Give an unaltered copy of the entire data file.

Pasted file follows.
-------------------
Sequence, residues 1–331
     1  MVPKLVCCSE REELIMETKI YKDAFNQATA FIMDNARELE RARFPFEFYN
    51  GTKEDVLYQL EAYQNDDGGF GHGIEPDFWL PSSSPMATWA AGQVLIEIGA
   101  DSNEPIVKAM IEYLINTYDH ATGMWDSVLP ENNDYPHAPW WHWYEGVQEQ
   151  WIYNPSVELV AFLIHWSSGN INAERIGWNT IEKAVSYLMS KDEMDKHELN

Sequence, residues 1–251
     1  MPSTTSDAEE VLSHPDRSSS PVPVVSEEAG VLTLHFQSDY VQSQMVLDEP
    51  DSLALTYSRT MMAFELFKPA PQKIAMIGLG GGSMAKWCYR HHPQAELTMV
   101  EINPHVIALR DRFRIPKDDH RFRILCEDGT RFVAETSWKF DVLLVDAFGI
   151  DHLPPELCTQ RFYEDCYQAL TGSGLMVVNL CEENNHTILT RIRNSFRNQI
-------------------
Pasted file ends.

Sequence, residues 1–331
     1  MVPKLVCCSE REELIMETKI YKDAFNQATA FIMDNARELE RARFPFEFYN
    51  GTKEDVLYQL EAYQNDDGGF GHGIEPDFWL PSSSPMATWA AGQVLIEIGA
   101  DSNEPIVKAM IEYLINTYDH ATGMWDSVLP ENNDYPHAPW WHWYEGVQEQ
   151  WIYNPSVELV AFLIHWSSGN INAERIGWNT IEKAVSYLMS KDEMDKHELN

Sequence, residues 1–251
     1  MPSTTSDAEE VLSHPDRSSS PVPVVSEEAG VLTLHFQSDY VQSQMVLDEP
    51  DSLALTYSRT MMAFELFKPA PQKIAMIGLG GGSMAKWCYR HHPQAELTMV
   101  EINPHVIALR DRFRIPKDDH RFRILCEDGT RFVAETSWKF DVLLVDAFGI
   151  DHLPPELCTQ RFYEDCYQAL TGSGLMVVNL CEENNHTILT RIRNSFRNQI